Survey: Progressives are twice as likely as conservatives to cut off friendships over politics

AP Photo/Gillian Flaccus

The American Enterprise Institute’s Survey Center of American Life released the results of a May survey today which looked at the issue of friendship. The study looked at a range of topics, e.g. how friendships survived during the pandemic (not very well for a lot of people), who Americans rely on for personal support (for men it’s increasingly family, while for women it’s friends), how many close friends most people say they have (about half say three or less), etc.


One interesting set of findings from the study involved how friendship and politics interact. First of all, it turns out most Americans just don’t care enough about politics to talk about it very often:

Few Americans report that they regularly discuss politics or government with their friends. About only one in five (21 percent) Americans say they discuss political issues at least a few times a week. About one in four (24 percent) say they talk with friends about politics a few times a month. More than half (55 percent) the public report that they talk about politics with their friends less often. Notably, Democrats and Republicans[8] are not any more likely to discuss politics with their friends than the public overall is.

But among the minority who do talk about politics, one side of the aisle was more likely to have friends from across the aisle:

For most Americans, political affiliation is probably not a prerequisite for forming a friendship, but both Democrats and Republicans are far more likely to have friends who belong to their preferred party. About eight in 10 (82 percent) Democrats and Republicans (80 percent) say they have at least some friends who share the same political identity. Importantly, Republicans have more bipartisan friendships than Democrats do. A majority (53 percent) of Republicans say they have at least some friends who are Democrats. In contrast, less than one-third (32 percent) of Democrats say they have at least some Republican friends.


And when you look at the extremes, i.e. the people who care the most about politics on the left and right, it turns out progressives are twice as likely to cut off a friendship over politics than conservatives:

Although political disagreements are common, few Americans report having stopped talking to or being friends with someone because of their views about government or politics. Only 15 percent of the public have ended a friendship over politics.

Ending friendships over political disagreements occurs more among liberal and Democratic-leaning Americans. Democrats are twice as likely as Republicans are to report having ended a friendship over a political disagreement (20 percent vs. 10 percent). Political liberals are also far more likely than conservatives are to say they are no longer friends with someone due to political differences (28 percent vs. 10 percent, respectively). No group is more likely to end a friendship over politics than liberal women are; 33 percent say they stopped being friends with someone because of their politics.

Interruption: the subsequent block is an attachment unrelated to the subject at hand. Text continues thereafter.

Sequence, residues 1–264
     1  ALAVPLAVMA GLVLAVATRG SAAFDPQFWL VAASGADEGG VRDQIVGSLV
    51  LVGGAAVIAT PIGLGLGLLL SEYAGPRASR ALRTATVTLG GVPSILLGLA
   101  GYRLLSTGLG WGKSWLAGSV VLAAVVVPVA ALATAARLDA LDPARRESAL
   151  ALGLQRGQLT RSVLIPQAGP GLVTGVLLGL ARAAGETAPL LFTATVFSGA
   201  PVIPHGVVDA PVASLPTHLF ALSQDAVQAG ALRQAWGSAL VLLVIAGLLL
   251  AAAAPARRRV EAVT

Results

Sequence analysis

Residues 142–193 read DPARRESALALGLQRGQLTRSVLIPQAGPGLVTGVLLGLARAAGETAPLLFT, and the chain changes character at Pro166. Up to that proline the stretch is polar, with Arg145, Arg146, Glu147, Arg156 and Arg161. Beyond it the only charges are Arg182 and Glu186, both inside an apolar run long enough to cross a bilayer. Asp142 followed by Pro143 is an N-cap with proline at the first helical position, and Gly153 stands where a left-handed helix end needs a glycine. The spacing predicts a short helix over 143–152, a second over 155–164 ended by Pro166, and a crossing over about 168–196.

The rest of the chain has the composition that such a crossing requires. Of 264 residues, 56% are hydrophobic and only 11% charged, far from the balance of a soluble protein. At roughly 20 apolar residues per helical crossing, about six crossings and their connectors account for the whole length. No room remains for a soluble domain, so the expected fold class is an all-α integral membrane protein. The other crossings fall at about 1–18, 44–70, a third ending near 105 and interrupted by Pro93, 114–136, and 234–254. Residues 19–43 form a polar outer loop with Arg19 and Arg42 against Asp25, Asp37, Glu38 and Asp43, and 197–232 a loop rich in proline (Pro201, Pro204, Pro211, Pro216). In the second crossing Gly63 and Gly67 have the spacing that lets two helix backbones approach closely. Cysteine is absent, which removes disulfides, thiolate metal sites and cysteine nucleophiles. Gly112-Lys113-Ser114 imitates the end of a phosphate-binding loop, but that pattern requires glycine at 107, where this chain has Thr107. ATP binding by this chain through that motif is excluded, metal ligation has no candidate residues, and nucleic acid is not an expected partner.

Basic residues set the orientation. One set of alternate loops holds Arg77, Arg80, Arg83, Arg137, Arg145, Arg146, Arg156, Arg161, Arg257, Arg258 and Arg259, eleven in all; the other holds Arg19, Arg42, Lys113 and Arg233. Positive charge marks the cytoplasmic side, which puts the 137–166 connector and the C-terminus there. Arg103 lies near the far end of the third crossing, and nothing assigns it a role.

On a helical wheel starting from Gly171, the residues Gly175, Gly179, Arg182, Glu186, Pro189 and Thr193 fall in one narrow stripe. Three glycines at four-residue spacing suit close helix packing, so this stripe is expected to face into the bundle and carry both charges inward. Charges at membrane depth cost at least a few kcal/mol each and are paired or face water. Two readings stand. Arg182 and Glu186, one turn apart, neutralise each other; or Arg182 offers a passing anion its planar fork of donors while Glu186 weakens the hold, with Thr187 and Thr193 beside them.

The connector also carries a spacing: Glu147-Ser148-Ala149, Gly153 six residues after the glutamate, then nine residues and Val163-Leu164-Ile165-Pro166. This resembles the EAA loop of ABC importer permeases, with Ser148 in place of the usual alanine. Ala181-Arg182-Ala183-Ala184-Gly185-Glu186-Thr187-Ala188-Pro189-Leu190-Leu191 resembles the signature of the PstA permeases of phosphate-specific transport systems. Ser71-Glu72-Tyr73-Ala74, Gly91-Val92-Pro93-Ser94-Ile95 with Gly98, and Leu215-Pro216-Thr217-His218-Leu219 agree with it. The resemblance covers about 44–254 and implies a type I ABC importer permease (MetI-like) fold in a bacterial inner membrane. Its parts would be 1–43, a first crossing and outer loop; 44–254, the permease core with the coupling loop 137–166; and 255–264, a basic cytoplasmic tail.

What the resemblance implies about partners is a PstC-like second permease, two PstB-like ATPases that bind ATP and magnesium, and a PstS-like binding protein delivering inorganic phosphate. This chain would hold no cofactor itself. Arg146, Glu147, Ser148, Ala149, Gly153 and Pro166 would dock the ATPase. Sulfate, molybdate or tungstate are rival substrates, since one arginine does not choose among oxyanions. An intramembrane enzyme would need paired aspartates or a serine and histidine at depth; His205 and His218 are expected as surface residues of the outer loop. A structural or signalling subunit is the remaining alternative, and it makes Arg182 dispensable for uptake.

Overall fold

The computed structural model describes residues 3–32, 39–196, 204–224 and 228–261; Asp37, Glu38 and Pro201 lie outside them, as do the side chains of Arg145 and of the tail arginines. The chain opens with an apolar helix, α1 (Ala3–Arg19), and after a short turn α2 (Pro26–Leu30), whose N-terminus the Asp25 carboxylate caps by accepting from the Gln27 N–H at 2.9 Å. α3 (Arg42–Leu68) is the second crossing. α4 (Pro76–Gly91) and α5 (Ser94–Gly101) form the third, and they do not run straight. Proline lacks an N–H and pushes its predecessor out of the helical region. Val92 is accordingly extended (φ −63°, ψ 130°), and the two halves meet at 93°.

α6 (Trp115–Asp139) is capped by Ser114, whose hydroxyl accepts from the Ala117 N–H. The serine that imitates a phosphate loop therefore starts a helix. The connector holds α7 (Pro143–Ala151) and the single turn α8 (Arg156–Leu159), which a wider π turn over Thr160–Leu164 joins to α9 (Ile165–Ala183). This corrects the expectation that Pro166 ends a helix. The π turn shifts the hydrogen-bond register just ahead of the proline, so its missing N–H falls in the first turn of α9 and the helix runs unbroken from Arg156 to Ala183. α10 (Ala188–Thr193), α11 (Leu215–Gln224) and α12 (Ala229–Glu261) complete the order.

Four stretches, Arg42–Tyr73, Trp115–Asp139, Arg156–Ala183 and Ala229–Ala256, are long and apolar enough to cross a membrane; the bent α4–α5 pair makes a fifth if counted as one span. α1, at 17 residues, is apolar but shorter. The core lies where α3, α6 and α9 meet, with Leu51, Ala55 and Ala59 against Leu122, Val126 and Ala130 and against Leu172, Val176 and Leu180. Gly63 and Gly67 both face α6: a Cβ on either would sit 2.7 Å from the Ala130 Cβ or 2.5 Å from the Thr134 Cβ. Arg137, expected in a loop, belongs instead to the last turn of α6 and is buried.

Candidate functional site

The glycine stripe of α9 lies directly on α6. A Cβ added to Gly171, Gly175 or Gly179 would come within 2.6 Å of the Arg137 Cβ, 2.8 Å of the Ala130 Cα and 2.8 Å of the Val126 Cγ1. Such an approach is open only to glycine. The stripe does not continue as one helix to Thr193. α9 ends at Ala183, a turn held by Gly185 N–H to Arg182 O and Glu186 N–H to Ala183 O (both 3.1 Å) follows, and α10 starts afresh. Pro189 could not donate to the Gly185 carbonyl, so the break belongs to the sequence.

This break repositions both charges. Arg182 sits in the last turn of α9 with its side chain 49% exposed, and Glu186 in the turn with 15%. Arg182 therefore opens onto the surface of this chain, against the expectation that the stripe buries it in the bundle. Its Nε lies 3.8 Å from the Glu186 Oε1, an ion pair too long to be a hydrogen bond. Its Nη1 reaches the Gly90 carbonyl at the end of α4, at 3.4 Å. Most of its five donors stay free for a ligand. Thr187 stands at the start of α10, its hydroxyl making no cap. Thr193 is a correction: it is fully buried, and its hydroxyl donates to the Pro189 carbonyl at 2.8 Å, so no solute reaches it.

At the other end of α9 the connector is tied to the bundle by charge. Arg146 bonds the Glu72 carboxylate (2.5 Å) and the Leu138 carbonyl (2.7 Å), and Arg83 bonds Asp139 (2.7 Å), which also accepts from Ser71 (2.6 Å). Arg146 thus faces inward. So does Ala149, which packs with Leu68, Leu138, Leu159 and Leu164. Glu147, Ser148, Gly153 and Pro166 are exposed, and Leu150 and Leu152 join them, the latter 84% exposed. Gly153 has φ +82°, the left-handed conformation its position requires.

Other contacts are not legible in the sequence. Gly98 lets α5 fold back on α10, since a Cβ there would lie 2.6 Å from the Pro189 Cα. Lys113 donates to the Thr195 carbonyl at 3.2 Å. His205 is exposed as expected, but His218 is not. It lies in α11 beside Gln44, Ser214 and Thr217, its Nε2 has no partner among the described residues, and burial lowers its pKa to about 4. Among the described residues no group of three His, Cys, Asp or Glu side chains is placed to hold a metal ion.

Professor Samuel Abrams, who is a visiting AEI scholar has seen the crosstabs on the results and reports that the farther you go to the left or right the more likely people are inclined to cancel friendships, but even there progressives are twice as likely to take that step.

For extreme conservative identifiers, 22 percent say they have cancelled a friendship, a handful of points higher than the national average.

In contrast, a whopping 45 percent of extreme liberal identifiers have ended a friendship over politics—twice the figure of their conservative counterparts.

While those on both extremes make up just under ten percent of the overall sample, extremely liberal Americans and their actions have made cancel culture a household name.


Of course it makes sense that people on the far left who are constantly online looking for people who need to be cancelled would also be doing the same thing in their personal lives. Cancel culture isn’t just an activity it’s a total mindset.

It should go without saying that we’d all be better off without cancel culture. The people who embrace, particularly those on the left, need to be deprogrammed, though it’s hard to see how you’d do it because like some religious cults, they cut themselves off from alternative viewpoints.

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Duane Patterson 10:00 PM | July 11, 2024